In his two years under Scott’s watch, Kelly saw his minutes drop from 23.7 per game his second year to just 13.1 in his third, while his points, blocks, and assists per game also dropped over the same period.
“With D’Antoni, I think I fit really well, and he’s someone I keep in contact with because I think he knows that too,” Kelly said. “And he knows that I wasn’t put in the best position possible for my second and third year with the Lakers.”
Welcoming a fresh start, Kelly signed with the Atlanta Hawks as a free agent for the 2016- 2017 season. But instead of a new opportunity, Kelly was plagued with the same playing time inconsistencies he faced in L.A. compounded with being waived four times by three different teams between September 2016 and July 2017. His last NBA team, the Houston Rockets, waived him just nine days after trading $75k in cash considerations to Atlanta for his rights.
Without a team and an uncertain NBA future staring Kelly down, the young and suddenly well traveled big-man was left weighing his options.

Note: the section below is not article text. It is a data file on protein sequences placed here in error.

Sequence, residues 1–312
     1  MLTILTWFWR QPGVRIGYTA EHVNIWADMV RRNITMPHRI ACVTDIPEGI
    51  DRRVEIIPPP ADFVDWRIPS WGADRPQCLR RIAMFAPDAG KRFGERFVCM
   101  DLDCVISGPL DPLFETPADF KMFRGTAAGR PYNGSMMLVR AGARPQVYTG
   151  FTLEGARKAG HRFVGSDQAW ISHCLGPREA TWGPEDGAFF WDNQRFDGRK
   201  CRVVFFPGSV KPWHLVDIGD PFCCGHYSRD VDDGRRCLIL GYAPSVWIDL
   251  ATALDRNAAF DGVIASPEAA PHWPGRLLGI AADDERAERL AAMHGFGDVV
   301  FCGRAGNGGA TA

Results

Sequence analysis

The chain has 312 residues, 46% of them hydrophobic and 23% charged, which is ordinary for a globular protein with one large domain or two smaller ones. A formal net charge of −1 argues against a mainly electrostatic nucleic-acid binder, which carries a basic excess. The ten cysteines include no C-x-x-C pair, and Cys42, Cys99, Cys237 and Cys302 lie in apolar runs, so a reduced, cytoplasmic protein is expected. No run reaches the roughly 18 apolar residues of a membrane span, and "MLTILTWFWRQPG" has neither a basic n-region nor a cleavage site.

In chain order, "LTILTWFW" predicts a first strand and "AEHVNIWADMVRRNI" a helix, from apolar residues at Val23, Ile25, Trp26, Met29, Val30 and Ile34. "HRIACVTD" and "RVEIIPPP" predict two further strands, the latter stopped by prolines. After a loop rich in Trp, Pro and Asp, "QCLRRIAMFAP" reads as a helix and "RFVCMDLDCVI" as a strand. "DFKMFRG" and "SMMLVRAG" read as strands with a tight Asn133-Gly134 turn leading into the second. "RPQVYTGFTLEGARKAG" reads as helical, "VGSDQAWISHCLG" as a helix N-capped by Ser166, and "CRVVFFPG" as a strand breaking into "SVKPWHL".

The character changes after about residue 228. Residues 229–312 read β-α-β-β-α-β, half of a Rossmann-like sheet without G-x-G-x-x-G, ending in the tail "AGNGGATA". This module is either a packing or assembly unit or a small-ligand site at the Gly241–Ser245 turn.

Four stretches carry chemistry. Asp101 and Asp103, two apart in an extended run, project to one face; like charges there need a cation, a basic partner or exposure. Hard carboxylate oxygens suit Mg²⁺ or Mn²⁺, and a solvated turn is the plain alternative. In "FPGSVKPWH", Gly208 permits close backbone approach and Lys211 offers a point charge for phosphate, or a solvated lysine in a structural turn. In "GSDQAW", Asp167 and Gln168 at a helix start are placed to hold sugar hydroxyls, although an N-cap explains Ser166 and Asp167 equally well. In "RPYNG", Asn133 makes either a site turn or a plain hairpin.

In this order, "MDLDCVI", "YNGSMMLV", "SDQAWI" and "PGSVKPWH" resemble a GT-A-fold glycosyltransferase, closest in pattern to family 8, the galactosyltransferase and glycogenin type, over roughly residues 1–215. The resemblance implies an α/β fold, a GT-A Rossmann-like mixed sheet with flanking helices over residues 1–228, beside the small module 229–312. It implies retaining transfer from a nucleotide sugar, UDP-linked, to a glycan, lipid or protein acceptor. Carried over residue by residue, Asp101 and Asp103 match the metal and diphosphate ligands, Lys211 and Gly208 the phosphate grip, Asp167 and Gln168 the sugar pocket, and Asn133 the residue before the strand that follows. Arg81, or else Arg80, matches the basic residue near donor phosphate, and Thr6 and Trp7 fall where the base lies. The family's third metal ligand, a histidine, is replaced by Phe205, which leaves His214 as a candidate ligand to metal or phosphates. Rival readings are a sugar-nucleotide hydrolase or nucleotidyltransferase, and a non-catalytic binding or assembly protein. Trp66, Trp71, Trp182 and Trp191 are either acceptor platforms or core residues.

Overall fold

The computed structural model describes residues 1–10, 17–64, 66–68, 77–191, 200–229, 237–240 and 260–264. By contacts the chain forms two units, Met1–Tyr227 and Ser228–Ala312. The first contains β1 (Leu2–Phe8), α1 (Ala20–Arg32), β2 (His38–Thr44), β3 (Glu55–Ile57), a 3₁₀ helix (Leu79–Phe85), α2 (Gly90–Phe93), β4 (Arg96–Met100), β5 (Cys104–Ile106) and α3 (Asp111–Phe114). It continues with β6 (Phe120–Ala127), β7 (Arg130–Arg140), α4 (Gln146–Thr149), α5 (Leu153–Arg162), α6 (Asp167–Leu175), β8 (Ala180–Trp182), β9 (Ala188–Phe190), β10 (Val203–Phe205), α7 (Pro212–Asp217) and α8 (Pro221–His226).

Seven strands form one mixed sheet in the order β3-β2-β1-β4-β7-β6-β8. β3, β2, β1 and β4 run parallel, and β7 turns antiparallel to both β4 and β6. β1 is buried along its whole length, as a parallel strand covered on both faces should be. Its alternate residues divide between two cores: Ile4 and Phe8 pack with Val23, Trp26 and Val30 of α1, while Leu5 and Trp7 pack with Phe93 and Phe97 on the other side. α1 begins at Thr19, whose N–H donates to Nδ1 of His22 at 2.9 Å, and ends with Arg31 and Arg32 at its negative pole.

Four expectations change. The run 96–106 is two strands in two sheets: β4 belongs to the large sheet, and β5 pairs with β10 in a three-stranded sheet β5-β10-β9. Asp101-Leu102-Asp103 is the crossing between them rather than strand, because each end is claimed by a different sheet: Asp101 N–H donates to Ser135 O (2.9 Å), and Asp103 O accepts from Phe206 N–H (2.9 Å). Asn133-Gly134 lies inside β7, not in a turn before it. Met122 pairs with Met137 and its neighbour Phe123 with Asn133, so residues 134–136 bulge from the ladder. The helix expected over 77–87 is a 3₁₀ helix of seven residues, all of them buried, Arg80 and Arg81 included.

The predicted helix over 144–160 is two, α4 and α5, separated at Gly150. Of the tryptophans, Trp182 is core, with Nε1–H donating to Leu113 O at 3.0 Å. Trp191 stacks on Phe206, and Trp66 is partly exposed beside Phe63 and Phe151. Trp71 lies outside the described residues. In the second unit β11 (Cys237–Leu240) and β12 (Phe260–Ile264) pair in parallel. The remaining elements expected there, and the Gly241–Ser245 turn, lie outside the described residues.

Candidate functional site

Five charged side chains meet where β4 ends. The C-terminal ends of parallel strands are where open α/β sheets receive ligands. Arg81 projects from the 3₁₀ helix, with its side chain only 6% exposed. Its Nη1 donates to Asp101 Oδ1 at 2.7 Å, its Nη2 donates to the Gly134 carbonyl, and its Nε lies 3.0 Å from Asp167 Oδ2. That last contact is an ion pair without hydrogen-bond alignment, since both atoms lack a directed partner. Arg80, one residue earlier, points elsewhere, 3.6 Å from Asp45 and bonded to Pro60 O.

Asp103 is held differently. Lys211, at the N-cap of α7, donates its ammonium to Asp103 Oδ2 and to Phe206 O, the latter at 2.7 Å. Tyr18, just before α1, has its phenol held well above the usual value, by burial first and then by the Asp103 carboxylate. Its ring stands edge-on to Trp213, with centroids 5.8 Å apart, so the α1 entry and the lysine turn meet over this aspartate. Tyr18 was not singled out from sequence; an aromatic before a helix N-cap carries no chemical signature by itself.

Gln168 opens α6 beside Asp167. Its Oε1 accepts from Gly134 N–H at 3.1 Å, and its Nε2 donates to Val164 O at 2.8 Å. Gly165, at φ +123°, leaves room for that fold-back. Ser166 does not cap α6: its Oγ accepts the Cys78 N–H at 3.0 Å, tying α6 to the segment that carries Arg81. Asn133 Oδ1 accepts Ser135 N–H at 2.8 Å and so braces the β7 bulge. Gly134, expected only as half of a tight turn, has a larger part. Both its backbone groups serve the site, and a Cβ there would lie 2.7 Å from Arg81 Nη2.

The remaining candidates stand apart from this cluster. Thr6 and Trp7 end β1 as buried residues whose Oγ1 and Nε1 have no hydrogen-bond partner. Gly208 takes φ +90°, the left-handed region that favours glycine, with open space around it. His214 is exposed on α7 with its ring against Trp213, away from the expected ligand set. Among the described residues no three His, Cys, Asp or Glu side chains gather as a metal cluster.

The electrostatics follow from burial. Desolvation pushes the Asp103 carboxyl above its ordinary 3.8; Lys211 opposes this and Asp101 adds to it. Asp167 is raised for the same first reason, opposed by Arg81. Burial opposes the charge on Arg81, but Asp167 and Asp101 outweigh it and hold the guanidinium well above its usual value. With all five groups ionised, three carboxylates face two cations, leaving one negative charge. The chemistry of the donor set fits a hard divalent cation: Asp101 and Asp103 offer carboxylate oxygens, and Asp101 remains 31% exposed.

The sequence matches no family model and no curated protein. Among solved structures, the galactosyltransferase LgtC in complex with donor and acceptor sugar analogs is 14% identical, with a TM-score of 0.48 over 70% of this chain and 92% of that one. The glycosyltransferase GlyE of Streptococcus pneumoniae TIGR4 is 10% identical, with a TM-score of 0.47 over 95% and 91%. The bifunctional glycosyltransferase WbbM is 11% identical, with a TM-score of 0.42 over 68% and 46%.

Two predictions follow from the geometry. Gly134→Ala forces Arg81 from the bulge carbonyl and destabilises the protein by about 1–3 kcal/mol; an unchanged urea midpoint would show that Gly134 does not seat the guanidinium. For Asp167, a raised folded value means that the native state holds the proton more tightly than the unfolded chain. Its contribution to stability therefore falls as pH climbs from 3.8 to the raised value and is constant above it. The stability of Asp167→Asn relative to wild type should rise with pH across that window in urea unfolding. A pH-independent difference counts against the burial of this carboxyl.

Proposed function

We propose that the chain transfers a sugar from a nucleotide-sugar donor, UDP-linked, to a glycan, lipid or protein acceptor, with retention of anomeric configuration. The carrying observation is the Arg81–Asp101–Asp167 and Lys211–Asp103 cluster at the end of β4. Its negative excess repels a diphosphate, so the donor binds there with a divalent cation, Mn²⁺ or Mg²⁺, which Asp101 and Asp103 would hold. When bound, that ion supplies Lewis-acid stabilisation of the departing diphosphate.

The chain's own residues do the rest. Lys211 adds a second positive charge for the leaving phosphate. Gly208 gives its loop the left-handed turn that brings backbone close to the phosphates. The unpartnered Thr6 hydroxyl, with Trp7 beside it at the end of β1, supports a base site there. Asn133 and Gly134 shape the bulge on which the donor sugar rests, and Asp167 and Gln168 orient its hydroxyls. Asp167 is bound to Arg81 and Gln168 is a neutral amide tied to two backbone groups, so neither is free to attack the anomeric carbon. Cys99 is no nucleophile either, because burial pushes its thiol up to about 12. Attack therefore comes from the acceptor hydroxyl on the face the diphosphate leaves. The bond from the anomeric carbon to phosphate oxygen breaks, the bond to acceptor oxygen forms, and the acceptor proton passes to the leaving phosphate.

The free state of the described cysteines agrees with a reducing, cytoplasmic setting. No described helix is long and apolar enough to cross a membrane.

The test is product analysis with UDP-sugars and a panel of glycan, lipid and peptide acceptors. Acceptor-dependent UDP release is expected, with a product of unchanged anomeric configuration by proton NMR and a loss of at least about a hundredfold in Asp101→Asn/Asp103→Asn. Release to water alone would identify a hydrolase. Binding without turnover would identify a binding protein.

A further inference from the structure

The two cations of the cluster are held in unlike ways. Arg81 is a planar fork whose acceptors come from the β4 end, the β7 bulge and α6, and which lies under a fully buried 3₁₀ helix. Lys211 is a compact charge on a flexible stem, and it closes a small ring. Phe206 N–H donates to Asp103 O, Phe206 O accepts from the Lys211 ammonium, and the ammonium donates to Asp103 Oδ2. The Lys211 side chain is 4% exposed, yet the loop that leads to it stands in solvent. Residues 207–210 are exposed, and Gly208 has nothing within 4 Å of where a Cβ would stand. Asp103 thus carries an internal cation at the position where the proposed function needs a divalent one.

At the side door of Centro Deportivo San Pablo, Kelly enters the arena and makes his way to the court. En route, cutting through the training room, one of his teammates lays facedown on a table receiving massage treatment. Taking notice, Kelly sneaks to the training table as stealthily as a 6-foot-11 mountain of a man can. Once there, towering over his teammate, Kelly directs the trainer where to continue massaging.
“Oh yeah right there,” he exclaims melodramatically directing the trainer with his massive hands while sporting an ear-to-ear grin on his scraggily bearded face that would rival Eddie Haskell.